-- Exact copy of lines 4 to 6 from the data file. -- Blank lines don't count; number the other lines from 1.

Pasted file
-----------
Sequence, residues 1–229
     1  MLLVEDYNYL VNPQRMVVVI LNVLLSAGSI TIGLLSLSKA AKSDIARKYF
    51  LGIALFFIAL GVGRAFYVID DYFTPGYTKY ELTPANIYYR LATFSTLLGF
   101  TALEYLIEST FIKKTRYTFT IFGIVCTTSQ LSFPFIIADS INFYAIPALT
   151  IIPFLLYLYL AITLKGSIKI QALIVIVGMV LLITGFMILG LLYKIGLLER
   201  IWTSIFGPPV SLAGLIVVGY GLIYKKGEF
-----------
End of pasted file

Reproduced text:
   101  TALEYLIEST FIKKTRYTFT IFGIVCTTSQ LSFPFIIADS INFYAIPALT
   151  IIPFLLYLYL AITLKGSIKI QALIVIVGMV LLITGFMILG LLYKIGLLER
   201  IWTSIFGPPV SLAGLIVVGY GLIYKKGEF